FOR IMMEDIATE RELEASE
Demand Bold Federal Action; Commit to Grassroots Effort
Las Vegas, NV — Uniting behind an aggressive agenda to advance the economic, safety, and security interests of transportation workers and the nation, leaders of the AFL-CIO’s Transportation Trades Department (TTD) vowed today to stop the misguided and anti-worker policies of the Bush administration and corporate leaders.
At the biannual meeting of TTD’s Executive Committee, leaders of 35 AFL-CIO transportation unions committed to legislative, regulatory, and political efforts to combat federal policies of dangerous neglect for both the security and efficiency of the nation’s transportation system. The union leaders condemned corporate practices — aided and abetted by compliant federal officials — which run counter to the best interests of both passengers and transportation workers.
“We must be more aggressive, we must challenge those who seek to harm our workers, and we must confront politicians in their own back yards,” TTD President Edward Wytkind said.
TTD leaders committed to a grassroots effort to be better organized in key states and congressional districts around the nation, allowing transportation workers to speak directly to their elected officials on issues facing transportation workers.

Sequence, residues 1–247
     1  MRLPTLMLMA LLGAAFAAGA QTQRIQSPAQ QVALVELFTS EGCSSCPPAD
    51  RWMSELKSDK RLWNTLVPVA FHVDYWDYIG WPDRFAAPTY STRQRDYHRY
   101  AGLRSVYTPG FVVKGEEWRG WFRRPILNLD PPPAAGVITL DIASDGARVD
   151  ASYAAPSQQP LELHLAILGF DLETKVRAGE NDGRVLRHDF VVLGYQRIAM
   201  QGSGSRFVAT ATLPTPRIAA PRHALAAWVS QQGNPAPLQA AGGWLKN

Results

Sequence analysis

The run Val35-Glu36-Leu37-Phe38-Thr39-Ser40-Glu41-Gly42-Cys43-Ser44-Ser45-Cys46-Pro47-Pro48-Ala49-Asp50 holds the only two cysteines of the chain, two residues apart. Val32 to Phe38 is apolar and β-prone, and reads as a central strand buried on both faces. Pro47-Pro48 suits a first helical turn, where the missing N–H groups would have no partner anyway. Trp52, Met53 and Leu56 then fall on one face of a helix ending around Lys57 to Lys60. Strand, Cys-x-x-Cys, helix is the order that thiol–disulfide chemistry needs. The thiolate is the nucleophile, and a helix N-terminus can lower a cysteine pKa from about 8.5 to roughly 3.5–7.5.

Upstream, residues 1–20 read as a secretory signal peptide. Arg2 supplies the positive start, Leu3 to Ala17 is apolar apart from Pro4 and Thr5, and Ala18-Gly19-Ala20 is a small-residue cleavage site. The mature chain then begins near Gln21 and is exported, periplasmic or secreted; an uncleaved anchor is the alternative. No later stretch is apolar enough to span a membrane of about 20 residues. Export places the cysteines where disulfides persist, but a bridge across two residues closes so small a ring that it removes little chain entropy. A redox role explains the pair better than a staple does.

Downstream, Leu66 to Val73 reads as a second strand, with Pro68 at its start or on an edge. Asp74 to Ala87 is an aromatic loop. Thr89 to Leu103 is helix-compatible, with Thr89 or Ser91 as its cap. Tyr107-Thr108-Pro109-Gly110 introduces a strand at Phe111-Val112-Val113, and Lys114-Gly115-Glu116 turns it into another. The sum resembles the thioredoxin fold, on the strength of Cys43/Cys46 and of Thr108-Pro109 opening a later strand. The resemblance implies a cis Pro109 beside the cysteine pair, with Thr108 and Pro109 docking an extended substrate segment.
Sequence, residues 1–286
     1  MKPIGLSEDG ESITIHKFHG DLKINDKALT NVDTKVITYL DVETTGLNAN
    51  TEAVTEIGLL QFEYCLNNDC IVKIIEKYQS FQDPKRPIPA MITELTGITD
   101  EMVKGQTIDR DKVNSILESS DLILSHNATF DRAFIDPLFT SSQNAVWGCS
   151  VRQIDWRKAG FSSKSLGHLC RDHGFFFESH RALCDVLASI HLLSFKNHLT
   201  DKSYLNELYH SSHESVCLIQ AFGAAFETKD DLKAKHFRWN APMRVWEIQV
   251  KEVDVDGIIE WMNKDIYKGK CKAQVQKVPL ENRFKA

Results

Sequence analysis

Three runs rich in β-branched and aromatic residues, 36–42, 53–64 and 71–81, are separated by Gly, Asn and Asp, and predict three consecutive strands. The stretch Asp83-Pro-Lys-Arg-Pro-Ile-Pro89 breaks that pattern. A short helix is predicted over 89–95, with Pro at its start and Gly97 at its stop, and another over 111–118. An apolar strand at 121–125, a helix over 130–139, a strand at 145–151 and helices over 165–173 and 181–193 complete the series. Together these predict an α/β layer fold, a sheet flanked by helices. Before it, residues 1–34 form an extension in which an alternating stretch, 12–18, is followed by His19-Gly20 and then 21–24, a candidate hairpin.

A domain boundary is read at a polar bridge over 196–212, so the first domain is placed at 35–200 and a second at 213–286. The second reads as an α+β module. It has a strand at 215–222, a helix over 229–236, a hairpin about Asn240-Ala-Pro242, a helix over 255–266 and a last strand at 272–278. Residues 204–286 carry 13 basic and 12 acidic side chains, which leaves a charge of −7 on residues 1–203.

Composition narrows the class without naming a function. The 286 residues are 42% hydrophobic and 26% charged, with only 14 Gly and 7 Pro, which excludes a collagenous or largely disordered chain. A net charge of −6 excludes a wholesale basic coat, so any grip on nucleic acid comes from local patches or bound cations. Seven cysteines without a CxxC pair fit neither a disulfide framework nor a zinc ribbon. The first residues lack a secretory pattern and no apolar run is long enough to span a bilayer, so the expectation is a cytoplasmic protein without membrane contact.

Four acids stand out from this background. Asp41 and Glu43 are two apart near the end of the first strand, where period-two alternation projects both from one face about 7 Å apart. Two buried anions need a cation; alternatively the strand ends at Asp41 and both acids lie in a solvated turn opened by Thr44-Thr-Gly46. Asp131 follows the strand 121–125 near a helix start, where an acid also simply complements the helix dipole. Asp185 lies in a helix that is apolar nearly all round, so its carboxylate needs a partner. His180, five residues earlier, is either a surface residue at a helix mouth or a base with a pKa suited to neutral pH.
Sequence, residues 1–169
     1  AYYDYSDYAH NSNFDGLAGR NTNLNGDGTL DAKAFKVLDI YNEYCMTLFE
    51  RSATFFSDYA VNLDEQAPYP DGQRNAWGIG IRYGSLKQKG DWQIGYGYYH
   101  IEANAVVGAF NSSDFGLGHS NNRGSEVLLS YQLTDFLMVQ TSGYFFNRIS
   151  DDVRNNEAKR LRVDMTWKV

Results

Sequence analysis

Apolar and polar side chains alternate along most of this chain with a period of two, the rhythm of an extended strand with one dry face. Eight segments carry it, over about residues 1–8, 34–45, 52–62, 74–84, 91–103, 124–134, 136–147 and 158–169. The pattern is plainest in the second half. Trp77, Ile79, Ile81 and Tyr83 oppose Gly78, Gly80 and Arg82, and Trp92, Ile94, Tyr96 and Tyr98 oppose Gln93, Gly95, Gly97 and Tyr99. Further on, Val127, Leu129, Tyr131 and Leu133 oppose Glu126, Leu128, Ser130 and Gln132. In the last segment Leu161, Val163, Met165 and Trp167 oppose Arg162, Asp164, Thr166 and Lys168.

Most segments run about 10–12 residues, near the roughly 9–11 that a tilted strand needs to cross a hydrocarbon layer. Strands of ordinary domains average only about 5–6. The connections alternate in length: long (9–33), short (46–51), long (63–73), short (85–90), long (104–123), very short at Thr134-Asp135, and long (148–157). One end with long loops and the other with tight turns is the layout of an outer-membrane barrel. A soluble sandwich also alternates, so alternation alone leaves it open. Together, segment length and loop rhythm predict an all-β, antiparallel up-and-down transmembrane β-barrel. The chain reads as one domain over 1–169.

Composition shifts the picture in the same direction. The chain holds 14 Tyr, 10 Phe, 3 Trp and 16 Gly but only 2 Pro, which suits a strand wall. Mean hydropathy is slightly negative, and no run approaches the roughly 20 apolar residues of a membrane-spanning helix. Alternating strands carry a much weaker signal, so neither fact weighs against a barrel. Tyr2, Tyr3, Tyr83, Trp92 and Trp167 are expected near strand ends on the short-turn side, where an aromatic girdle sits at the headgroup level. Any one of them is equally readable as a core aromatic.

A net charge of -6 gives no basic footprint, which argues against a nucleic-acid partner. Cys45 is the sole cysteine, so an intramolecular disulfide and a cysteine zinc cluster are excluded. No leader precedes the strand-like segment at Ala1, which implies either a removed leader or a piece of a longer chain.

Also at the meeting, five policy statements were unanimously adopted, calling for greater transportation security; the defeat of a railroad industry-Bush administration proposal to silence rail workers; a re-write of laws governing the transport of hazardous materials; greater federal oversight of rail safety; and stopping the White House effort to kill Amtrak. Click here for copies of these statements.
Earlier today, transportation union leaders re-elected Edward Wytkind as TTD President, and Michael Ingrao as Secretary-Treasurer. Wytkind and Ingrao, who have held these posts since 2003, will serve five-year terms.
TTD represents 35 member unions in the rail, aviation, transit, trucking, highway, longshore, maritime and related industries. For more information, visit www.ttd.org.